Slaughterhouse II

In reflecting on the Slaughterhouse story, it seems that there needs to be more on the continuum of social adaptation and general social change. The fact that, for religious reasons, particular slaugherhouse owners won’t slaughter pigs would seem to provide more business opportunities for others without similar reservations. Similarly, certain lawyers won’t engage in certain types of law. The lawyer who won’t do criminal law or divorces creates opportunities for others–either more business for existing practitioners or entry opportunities for others. Henry Morgentaler’s abortion practice exists in significant part because many medical professionals will not engage in that procedure, irrespective of its deemed legality in Canada.

How far will or should this extend? When Sunday closing laws were abolished in Ontario, it was made clear that no businessperson with objections, religious-based or otherwise, could be compelled by a shopping mall landlord to stay open on Sundays. In many malls, it is taken as a given that certain stores remain closed on that day. On the other hand, what about someone whose religious day is Friday, Saturday, or another time during the week? Is such a person able to close his or her business in a major shopping mall? Why must almost all businesses in Ontario be compelled to close on Christmas Day and Good Friday?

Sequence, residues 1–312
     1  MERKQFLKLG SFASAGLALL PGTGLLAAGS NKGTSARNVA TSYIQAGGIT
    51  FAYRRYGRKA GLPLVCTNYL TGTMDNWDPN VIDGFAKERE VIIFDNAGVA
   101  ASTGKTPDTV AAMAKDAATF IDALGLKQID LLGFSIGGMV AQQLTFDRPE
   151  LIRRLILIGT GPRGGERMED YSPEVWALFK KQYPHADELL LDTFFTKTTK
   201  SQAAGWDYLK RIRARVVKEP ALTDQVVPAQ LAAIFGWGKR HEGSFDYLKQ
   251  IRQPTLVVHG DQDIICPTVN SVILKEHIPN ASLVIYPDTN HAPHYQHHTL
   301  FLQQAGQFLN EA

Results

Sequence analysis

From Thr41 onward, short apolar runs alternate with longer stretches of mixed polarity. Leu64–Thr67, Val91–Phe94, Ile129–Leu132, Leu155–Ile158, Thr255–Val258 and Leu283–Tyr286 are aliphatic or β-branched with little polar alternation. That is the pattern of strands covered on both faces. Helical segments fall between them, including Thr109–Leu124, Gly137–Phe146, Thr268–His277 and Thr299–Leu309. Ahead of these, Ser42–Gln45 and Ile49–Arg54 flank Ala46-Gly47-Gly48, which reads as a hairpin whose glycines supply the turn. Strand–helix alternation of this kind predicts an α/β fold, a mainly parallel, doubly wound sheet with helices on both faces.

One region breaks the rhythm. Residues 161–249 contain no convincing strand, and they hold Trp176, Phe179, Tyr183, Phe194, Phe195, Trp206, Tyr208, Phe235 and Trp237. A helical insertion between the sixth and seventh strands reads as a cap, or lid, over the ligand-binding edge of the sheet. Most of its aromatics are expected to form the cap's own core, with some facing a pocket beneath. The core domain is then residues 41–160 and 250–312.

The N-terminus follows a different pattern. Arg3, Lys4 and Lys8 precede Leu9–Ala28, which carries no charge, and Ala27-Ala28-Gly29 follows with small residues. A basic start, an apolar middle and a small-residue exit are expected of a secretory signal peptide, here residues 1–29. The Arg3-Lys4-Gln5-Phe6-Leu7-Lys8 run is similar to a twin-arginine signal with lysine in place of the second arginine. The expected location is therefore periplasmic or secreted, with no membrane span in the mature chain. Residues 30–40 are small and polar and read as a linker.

I once worked with a Muslim who was prepared to work on Christmas Day in return for another day off. Didn’t work, since he would be the only one there. I once worked for an accounting firm where the Jewish holidays were observed. All non-Jewish employees were also given the time off, with pay, because there was a religious prohibition against making any money on those days. When Easter came around, in April, being one of the busiest times of the accounting firm’s year, I was asked not to take the time off unless I was actually going to be in church. Seemed reasonable to me.

A mall near where I live and where I shop contains a significant Muslim shopping population. This is based on my non-scientific visual survey of the number of families around me with members wearing hijabs. And where “significant” is defined (by me) to mean at least one in five mall patrons, at the times when I am there. Subject to errors in my perception or unreasonableness in my definition.

The mall Santa gave up a number of years ago. They are piping in the Christmas music again this year. Doesn’t seem reasonable, to me.

About brucelarochelle

http://www.lmslawyers.com/bruce-la-rochelle
This entry was posted in Business Commentary, Christmas, Ottawa Reflections, Religion, Toronto Reflections. Bookmark the permalink.

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